King Charles lands in Scotland to privately mourn Queen at Balmoral

After a gruelling 12 days of public engagements, King Charles III now has some time to grieve the loss of his mother privately.

He has flown to Balmoral in Scotland, the estate in the Highlands much loved by the Queen where she died on September 8.

Along with Queen Consort Camilla, he flew by his private jet from RAF Northolt to Aberdeen Airport, and was pictured being driven away from the airport at around lunchtime today.

They are thought likely to stay at Birkhall, his own home on the estate in the Cairngorms, which is around seven miles from the main castle.

The estate was meaningful to the Queen and is where she spent many happy times.

Today, the royal family shared a photograph of her as a much younger woman walking through heathland near the estate in Scotland.

A Shakespeare quote beside the image reads: ‘May flights of Angels sing thee to thy rest.’

This is the same quote King Charles used to end his historic first television address as Britain’s monarch.

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The royal family is observing another week of mourning for the Queen after her state funeral yesterday.

So far, they have been dealing with their grief very publicly, with TV cameras following each daily event.

Now the Queen has been buried alongside her husband Prince Philip, they will have a chance to come to terms with the change more privately.

There are no official engagements planned, and the world leaders, foreign royals and visiting dignitaries will be making their way home.

Prince Harry and his wife Meghan are also expected to fly back to America shortly, having stayed without their two children much longer than they initially planned as the Queen died while they were on a mini European tour.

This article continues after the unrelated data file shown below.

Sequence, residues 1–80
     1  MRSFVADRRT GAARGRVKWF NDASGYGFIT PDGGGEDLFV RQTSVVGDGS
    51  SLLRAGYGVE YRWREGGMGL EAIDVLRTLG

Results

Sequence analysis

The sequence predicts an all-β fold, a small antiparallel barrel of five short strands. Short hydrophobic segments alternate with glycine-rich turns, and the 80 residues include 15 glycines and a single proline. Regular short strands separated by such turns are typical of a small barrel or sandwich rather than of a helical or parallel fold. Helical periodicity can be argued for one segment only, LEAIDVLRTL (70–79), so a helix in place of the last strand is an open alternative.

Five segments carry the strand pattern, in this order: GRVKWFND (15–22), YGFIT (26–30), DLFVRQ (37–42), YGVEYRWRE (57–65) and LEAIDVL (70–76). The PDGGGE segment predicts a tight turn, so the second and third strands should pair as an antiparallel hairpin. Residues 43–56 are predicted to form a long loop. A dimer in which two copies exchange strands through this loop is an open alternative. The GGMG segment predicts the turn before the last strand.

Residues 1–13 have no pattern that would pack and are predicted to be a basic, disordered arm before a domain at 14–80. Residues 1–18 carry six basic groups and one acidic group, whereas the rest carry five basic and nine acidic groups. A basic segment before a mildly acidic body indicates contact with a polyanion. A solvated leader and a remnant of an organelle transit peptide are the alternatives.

No date has been fixed for the coronation of Charles, but it is expected that, in line with royal precedent and due to the large amount of planning involved, there will be at least several months between the funeral and the crowning of the new monarch.

Central London today was much quieter than it has been for almost two weeks, with a huge clean-up operation underway this morning.

There was a quiet and reflective atmosphere at the floral tribute in Green Park, with a fraction of people stopping to pay their respects compared with previous days.

Although the official 10 days of national mourning came to an end today after the Queen’s funeral, people from around the world have come to take pictures of the many tributes left from people who adored her.

Alexandra Brown, a 37-year-old civil servant from Brixton, London, said: ‘It’s quite emotional, It’s amazing. All the different countries and different ages. It’s amazing the impact she had on people.

‘I thought given yesterday was like the last final day of mourning, as I haven’t been down, I thought this morning is quite a nice sunny day, it’d be a nice time to see it before it all gets moved.

‘I thought just to come down and read some of the messages, see some things that people have done and take it in.’

Oriol Julie, a 26-year-old photographer from Paris, France, said she wanted to remember this moment in history by taking pictures before the tribute is cleared.

She said: ‘Because I’m a photographer, I want to remember this whole thing, because everyone is coming here to pay respects. I’ll keep (the photographs) for life and maybe show it to my children later.’

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